Well, usually one would have a hard time believing someone that throws around a figure like 99 percent, but this one comes straight from Toshiba, one of the premier PC makers.

And the company claims that as far as its business sales are concerned, an overwhelming 99 percent of its customers are still going with the tried and tested Windows 7 — with only a select few choosing the option of Windows 8.

They are business and enterprise clients, yeah, but it is still a cue for Microsoft to intensify its efforts to popularize Windows 8 in the corporate world.

Anyway, Cindy Zwerling, Toshiba’s B2B product marketing manager, talking to ZDNet said that Windows 8 is, as of right now, a distant plan in the future. She did say that Windows 8.1 brings around some very good potential for Microsoft’s modern operating platform:

“Windows 7 is clearly the enterprise operating system at this time. But there are pockets of the corporate population that use detachable tablets, and might be running Windows 8. But for your standard clamshell notebook? It’s Windows 7.

From a business perspective, I would say 99 percent of our sales are Windows 7.”

Windows 7 hold the crown of the most popular operating system in the world, and as a matter of pure fact, this version of Windows has shown a tendency of growing its market share even further these past few months.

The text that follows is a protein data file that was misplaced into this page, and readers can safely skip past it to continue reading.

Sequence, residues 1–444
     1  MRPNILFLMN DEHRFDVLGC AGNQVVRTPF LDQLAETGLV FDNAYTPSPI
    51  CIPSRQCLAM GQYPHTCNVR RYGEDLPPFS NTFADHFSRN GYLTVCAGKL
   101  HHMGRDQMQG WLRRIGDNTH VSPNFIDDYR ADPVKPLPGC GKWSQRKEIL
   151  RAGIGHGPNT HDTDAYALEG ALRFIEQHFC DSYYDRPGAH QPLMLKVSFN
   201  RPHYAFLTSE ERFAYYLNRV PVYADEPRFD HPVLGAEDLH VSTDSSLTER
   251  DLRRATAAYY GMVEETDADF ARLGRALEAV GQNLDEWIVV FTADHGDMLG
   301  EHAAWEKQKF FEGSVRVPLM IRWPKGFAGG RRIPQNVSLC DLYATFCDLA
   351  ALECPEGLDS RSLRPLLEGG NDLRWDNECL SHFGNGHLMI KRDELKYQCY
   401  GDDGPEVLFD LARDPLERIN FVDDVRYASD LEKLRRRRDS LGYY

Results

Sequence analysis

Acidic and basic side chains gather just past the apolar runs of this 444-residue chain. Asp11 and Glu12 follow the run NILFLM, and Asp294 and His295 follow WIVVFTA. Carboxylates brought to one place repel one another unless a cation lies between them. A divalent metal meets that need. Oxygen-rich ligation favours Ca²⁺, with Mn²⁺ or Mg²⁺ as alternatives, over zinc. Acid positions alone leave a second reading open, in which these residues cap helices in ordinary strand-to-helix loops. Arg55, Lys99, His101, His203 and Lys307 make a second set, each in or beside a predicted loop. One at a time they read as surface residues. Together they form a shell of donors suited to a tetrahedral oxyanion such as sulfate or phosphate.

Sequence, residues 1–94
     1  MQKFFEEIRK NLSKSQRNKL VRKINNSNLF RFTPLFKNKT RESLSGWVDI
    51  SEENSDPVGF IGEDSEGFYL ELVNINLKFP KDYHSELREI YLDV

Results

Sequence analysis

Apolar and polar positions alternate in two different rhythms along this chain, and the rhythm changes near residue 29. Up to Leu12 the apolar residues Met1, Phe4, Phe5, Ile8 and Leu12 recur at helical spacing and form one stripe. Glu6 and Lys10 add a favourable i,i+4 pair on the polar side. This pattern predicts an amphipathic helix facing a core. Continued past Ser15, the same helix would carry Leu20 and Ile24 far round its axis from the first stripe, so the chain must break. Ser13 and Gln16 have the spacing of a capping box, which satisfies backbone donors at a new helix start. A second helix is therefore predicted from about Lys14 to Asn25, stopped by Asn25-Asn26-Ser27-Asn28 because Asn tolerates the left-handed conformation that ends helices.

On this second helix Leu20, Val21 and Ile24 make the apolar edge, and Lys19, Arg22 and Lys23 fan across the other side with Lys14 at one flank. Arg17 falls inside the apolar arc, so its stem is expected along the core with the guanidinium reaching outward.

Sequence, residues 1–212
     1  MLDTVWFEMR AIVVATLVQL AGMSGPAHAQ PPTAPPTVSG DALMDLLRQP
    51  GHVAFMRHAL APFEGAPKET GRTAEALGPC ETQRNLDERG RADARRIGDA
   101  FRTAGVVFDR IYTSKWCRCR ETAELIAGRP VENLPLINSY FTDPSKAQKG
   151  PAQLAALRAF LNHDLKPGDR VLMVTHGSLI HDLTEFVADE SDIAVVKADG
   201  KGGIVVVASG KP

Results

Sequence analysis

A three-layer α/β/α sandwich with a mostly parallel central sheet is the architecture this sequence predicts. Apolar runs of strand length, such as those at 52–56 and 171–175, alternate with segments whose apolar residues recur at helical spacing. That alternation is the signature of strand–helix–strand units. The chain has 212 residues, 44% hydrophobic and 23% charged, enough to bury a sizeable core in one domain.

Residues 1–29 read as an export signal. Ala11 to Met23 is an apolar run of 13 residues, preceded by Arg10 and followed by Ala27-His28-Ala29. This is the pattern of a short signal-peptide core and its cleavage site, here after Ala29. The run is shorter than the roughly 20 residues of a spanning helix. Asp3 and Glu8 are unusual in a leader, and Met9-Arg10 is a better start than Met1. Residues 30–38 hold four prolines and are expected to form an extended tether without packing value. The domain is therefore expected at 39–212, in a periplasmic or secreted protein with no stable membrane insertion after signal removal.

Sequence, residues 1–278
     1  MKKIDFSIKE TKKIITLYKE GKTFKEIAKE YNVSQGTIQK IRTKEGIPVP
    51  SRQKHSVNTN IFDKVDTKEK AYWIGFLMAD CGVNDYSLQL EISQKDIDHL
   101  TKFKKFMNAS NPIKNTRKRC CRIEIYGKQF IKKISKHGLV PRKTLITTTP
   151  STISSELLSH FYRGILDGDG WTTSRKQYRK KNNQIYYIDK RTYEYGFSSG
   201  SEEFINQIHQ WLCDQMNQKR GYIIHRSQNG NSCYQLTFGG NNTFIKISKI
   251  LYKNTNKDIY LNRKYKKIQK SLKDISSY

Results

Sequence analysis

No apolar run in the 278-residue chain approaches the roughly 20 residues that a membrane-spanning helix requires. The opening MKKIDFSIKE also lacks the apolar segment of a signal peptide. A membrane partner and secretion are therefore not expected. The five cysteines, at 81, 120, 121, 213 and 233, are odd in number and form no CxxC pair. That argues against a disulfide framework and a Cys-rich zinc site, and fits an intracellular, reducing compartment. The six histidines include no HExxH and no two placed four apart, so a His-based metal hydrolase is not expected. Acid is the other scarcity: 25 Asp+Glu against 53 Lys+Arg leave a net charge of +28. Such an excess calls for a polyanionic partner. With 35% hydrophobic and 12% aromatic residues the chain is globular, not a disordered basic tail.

This, no doubt, has got a lot to do with the looming retirement of Windows XP, with companies and enterprises deciding to go with the familiar option.

Mainstream support for Windows 7 is set to come to an end on January 13, 2015, though the extended support is still a few leagues away, and will end on January 14, 2020.

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  • Ray C

    I just don’t but those numbers nor do I think it matters. If he has said 70 to 75% I would have believed it. I think there is at least a minimum of 10 to 15% who want to make the switch. Plus, you can’t look at one company or just a small sample of orders. Of course some orders are going to be 90%+ Windows 7. Most people don’t upgrade or replace equipment with a mixture of models or OS. Many of them have already been in a planning and transition phase to Windows 7. They’re not going to change mid-stream.

  • The_Norseman

    I agree with Ray C. I look after the computers at my office and even though I personally like Win 8, I’ll be upgrading the office computers to Win 7 over the next while. Win 8 is just too new and there are still too many unknowns. In using Win 8, I HAVE run into some compatibility issues and even though they were obscure, it’s concerning enough that I’m not willing to chance it on the office computers at this point.

    • Fahad Ali

      True compatibility issues are a major factor for companies in the final decision.